Telling the Tale
What makes The Walking Dead work so well is its atmosphere, its strong storytelling, its surprisingly rich characterisation and the sense that your choices make a difference. The comic-book visuals aren’t the most detailed we’ve ever seen – though they’re well-lit and animated – but they do a convincing job of creating a vision of a world gone to Hell and of human characters who have seen the worst that world can offer. And while those characters don’t shift too far away from classic zombie movie stereotypes, they’re more well-rounded than you might expect and sometimes very sympathetic. The music is gloomy and sombre when it needs to be, then frenetic and shocking when the occasion demands, and the general standard of dialogue and acting is top-notch. This isn’t merely a game about surviving, but about living with what it takes to survive. In its best moments its genuinely affecting stuff.
Particularly so, because A New Day isn’t afraid to hit you with tough choices and make the consequences of your decisions matter. You’ll decide who lives or dies, either save lives or inadvertently help end them, make friends or make enemies and inspire either trust or suspicion in your fellow man. At this stage it’s impossible to tell how all these choices will play out, but TellTale promises far-reaching ramifications as the series progresses, with each episode pulling data from the last save game and using this to decide how things play out. As it stands, you’ll end up feeling unsure that you’ve done the right thing and even guilty by the time you reach A New Day’s conclusion. It’s rare for a game to elicit that sort of response – and doubly so for a game involving zombies.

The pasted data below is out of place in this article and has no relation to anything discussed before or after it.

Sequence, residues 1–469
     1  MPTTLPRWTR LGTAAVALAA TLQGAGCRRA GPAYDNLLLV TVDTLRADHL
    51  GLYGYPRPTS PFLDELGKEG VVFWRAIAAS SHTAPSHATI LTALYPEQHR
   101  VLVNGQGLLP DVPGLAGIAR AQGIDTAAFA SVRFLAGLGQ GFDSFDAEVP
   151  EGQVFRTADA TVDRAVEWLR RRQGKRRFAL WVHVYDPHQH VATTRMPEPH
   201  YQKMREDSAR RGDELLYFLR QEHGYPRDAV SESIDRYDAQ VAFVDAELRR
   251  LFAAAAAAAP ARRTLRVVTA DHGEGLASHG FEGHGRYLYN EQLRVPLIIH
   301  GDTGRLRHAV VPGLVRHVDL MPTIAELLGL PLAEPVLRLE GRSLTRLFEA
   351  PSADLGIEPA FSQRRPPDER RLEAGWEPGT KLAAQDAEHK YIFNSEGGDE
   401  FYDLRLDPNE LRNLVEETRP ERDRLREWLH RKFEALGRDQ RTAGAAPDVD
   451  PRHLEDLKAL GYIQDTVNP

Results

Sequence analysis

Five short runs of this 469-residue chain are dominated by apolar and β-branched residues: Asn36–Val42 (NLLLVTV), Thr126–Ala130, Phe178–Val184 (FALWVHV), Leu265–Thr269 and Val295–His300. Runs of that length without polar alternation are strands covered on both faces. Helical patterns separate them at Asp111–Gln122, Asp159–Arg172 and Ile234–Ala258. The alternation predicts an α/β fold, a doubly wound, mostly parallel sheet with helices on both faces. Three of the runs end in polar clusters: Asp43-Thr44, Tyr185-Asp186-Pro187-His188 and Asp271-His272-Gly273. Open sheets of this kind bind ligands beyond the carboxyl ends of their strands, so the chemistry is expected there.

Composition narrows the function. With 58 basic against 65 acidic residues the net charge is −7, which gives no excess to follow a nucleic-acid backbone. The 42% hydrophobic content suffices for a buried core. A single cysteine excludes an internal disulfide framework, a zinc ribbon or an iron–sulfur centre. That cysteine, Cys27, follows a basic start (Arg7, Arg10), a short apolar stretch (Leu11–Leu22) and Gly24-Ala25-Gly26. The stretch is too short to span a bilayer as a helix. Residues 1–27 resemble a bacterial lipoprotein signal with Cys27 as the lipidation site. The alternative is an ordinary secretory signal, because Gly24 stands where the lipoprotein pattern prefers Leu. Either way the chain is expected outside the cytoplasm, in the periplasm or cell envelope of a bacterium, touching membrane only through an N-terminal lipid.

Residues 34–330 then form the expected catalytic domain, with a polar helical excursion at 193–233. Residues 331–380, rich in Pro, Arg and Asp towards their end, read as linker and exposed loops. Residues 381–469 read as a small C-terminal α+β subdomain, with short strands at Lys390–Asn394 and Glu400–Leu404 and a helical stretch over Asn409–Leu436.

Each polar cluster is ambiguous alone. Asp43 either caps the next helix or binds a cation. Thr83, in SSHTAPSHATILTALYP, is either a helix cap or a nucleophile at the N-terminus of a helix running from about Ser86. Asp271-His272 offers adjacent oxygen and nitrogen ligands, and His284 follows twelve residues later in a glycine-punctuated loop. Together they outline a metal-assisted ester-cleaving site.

Puzzles and Dilemmas
Strip the game back to its mechanics and there are some issues. The puzzles are, for the most part, pitifully simple and unlikely to challenge any adventure game fan. In fact, if you’re an experienced gamer we’d advise you to pick the option to play with a minimal UI, as you’ll find the game much more satisfying that way. It also has to be said that, on a second playthrough, some choices aren’t as significant as you might have thought. While you can affect the direction the episode takes, there’s a limit to how far those consequences seem to go.
On balance, though, this isn’t as important as you might think. We’ll only begin to see how the branching pans out once we’re through the first half of this six episode season, and this first episode more than does its basic job of dragging you into the story, keeping you gripped and making you care. The test of any episodic game is how keen you are when you reach that cliffhanger conclusion to play the next part. By the time A New Day had run its three-hour course, we couldn’t wait. A second playthrough later, that still applies.
This first episode of The Walking Dead gets the video game adaptation off to a cracking start. Despite simplistic puzzles it’s a gripping adventure, with characters you can care about and a storyline that’s not afraid to go to all the right dark places. If subsequent episodes can maintain the pace then this could build into an exceptional series.